Terre Mere banned over 1,600 ingredients that are known to cause issues for your skin and or the environments according to the European union, US Food and Drugs Administration and the Canadian Health Department.
Here are the most common harmful ingredients found in the cosmetics industry and NOT in our formulas:
Often used under the term ‘fragrance’ in cosmetic labeling, Phthalates are a plasticizing chemical used in some perfumes and nail enamel to dissolve other chemicals. Banned in the European Union, this ingredient is associated with reproductive harm, developmental toxicity, and hormone disruption.
Utilized as an artificial preservative in body and cosmetic care products, Parabens are a group of chemicals used to increase shelf life while reducing and preventing harmful mold and bacteria growth. This ingredient causes concern with its carcinogenic attributes and link to reproductive harm, irritation and toxicity of significant organs, allergic response, and hormone disruption.
Used as a cleaning agent and to keep ingredients together, Sulfates are found in a plethora of personal care and cleaning products. This ingredient is associated with hypersensitivity of the immune system's allergic response and has been linked with organ irritation and toxicity.
Insoluble Plastic Microbeads
A synthetic plastic polymer, Insoluble Plastic Microbeads are used as an exfoliant in some cosmetic cleanser formulations. Known for accumulating in the environment causing harm, this ingredient is associated with reproductive and hormone disruption.
Utilized as a solvent, fragrance additive, and viscosity control, Butoxyethanol is a carcinogenic organic compound found in some face, hair, body, and cosmetics products. A substance that has the potential to cause cancer, this ingredient is linked to reproductive harm and has associations with organ irritation and toxicity.
Sometimes referenced as Carbon Black on ingredient labels, Colorant is used in the cosmetics industry to produce color in some face products, eye makeups, and nail polishes. Known for its powdery consistency, Colorant has links to organ toxicity and cancer.
Appearing on ingredient labels as DEA, TEA, MEA, ETA, Ethanolamine Compounds are utilized in various personal care and beauty products as pH stabilizers. Sometimes contaminated with chemicals like Nitrosamines, this ingredient has some cancer-causing attributes with links to organ irritation and toxicity, allergic responses, nervous system damage, reproductive harm, and endocrine disruption.
Used in an array of consumer products, Talc (with Asbestiform) is sometimes found in cosmetics and body powders. Talc derived from hydrous magnesium silicate can contain small portions of asbestos fiber contamination from aluminum silicate. The asbestos fibers have links with cancer and respiratory irritation.
An antimicrobial agent sometimes used in soap, hand sanitizer, and antiperspirant, Triclosan, is known for its potential contribution to water and soil contamination in the ecosystem. This ingredient also has links to hormone disruption with associations to organ irritation and toxicity.
Utilized as an antimicrobial in some anti-bacterial soaps, Triclocarban is associated with adverse environmental impacts on our soil and water ecosystems. No longer common in beauty and personal care products, this ingredient is a known contributor to hormone disruption with links to organ irritation and toxicity.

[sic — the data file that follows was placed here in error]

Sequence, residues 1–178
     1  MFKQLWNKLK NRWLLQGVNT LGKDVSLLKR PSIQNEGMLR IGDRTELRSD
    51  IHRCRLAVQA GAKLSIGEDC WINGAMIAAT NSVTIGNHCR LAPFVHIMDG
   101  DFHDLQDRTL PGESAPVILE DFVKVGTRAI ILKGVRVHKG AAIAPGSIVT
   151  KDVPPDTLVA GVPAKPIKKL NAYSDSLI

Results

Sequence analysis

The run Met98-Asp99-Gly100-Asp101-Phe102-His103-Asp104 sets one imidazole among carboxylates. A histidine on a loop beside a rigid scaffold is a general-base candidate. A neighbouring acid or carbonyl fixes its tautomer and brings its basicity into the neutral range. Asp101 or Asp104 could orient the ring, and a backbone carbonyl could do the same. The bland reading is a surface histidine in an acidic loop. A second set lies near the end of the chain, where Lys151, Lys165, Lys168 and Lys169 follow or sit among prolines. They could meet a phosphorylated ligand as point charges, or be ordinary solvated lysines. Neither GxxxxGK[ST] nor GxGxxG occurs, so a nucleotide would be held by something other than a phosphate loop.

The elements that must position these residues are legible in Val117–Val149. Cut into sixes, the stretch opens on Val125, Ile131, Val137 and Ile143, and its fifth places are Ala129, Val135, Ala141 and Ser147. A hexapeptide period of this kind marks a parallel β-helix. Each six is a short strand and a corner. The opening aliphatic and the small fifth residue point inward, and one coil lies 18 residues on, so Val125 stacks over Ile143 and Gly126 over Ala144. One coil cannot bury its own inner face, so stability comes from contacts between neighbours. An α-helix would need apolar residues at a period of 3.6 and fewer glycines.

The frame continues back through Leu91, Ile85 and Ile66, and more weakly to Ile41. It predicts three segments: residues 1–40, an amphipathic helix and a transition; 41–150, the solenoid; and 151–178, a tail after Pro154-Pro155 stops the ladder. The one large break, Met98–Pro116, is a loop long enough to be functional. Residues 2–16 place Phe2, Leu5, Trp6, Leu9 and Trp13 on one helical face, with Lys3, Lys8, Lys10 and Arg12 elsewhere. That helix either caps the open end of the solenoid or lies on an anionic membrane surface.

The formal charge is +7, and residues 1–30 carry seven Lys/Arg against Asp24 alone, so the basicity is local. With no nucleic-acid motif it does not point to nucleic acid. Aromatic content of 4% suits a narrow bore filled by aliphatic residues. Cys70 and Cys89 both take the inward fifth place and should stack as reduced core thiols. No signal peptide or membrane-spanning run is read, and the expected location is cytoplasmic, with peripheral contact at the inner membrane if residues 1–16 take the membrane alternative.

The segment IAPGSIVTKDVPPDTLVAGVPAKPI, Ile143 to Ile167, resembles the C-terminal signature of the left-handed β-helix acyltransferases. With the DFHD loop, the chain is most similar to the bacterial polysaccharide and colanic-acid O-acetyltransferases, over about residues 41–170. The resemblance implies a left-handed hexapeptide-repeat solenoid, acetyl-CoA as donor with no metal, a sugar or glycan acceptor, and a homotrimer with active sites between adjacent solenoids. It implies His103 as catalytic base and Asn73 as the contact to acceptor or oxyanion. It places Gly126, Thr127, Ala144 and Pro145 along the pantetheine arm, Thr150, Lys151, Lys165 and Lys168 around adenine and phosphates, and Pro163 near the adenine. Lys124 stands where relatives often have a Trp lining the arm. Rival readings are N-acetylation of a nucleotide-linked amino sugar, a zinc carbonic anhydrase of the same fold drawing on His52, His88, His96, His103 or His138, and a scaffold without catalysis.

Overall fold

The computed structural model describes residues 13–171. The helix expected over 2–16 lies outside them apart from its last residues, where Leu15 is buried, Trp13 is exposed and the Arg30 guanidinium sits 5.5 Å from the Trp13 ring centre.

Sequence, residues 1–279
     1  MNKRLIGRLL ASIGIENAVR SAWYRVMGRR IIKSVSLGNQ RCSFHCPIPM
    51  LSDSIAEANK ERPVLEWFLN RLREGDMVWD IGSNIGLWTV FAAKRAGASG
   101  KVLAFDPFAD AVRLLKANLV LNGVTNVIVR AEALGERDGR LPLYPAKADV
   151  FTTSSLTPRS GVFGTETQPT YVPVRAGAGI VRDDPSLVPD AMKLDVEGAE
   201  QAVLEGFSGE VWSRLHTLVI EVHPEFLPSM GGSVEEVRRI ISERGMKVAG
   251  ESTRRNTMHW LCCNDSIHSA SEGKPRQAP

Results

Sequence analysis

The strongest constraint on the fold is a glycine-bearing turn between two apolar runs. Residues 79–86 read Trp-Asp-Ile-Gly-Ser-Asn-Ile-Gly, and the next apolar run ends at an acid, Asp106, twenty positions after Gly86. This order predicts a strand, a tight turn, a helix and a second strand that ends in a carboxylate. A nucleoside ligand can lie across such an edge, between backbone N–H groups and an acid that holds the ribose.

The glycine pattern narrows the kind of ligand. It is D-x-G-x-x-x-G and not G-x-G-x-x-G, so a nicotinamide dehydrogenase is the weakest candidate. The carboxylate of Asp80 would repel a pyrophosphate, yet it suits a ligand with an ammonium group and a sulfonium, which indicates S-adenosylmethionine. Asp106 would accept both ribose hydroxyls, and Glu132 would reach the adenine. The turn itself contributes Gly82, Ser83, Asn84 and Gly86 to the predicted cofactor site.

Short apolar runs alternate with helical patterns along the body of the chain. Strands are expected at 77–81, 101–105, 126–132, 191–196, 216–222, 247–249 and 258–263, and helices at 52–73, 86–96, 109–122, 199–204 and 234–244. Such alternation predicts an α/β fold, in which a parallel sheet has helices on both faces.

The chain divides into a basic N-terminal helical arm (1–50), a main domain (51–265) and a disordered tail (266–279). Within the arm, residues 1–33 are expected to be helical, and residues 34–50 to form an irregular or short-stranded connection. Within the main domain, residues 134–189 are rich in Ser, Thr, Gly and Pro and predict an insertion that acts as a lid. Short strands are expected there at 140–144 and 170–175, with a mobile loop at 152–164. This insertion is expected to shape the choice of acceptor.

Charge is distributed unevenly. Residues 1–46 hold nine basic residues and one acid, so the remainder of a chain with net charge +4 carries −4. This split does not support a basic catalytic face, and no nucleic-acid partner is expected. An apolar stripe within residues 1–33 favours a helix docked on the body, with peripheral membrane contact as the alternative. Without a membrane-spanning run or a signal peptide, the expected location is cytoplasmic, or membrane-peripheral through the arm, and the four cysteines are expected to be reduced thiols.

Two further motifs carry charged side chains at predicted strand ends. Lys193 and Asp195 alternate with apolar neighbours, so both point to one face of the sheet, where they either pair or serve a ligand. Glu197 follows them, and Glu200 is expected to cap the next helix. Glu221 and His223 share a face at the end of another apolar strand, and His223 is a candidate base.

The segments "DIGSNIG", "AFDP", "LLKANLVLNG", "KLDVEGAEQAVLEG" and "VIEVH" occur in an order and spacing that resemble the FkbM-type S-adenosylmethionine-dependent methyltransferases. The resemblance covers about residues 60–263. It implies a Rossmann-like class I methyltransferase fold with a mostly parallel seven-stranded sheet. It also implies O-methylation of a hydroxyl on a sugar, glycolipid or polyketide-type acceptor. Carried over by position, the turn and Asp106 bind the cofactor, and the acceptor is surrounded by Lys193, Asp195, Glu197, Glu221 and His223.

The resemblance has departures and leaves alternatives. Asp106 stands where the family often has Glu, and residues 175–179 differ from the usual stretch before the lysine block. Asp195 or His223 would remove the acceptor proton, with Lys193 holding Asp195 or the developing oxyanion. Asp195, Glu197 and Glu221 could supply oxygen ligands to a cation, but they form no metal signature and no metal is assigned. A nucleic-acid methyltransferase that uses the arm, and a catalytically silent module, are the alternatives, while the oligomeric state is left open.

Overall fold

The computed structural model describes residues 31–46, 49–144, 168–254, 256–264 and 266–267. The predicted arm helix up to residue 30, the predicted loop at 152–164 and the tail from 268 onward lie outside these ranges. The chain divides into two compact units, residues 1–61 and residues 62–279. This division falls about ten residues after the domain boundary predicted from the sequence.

Commonly used as a moisturizer, Mineral Oil is a petroleum-derived ingredient used in some face, body, and cosmetic formulations. This ingredient is a potential cancer-causing carcinogenic substance linked to allergic responses with organ irritation and toxicity associations.
A semi-solid or thick liquid, Coal Tar is sometimes used as an anti-dandruff agent or colorant in hair care and cosmetics formulations. The ingredient has known cancer-causing carcinogenic properties with links to allergic skin reactions and respiratory toxicity.
Engineered particles that are extremely small, Nanoparticles are used to change an ingredient's function to create UV protection, enhance texture and penetration of products, stabilize, and persevere formulations. Nanoparticles are not explicitly mentioned on ingredient labels, but some companies claim to be "non-nano." The statement of a product being "non-nano" is often deceiving due to the broad definition of Nanoparticles proposed by the Food and Drug Administration. While there is a need for Nanoparticles in SPF's that protect the skin's health, it is advised to avoid using them in inhaled products (sprays and powders) where respiratory irritation can occur. Some groups advise against the use of new nanoparticles due to a lack of environmental and safety data.
Classified as a possible cancer-causing carcinogen, Acetaldehyde is a fragrance compound used in some cosmetics formulations. This ingredient has known links to adverse skin reactions with mild respiratory tract reactions with exposure.
A class of chemicals, Benzalkonium Chloride, is sometimes used as an antimicrobial ingredient found in disinfectant cleaners and hair conditioners. Dangerous for people with asthma or pre-existing skin conditions, this chemical has links to severe eye, skin, and lung irritation.
Utilized as a preservative and antioxidant, BHA (Butylated Hydroxyanisole) is sometimes used in hair, face, body, and cosmetics formulations. The ingredient has possible associations with organ irritation and toxicity with links to cancer and hormone disruption.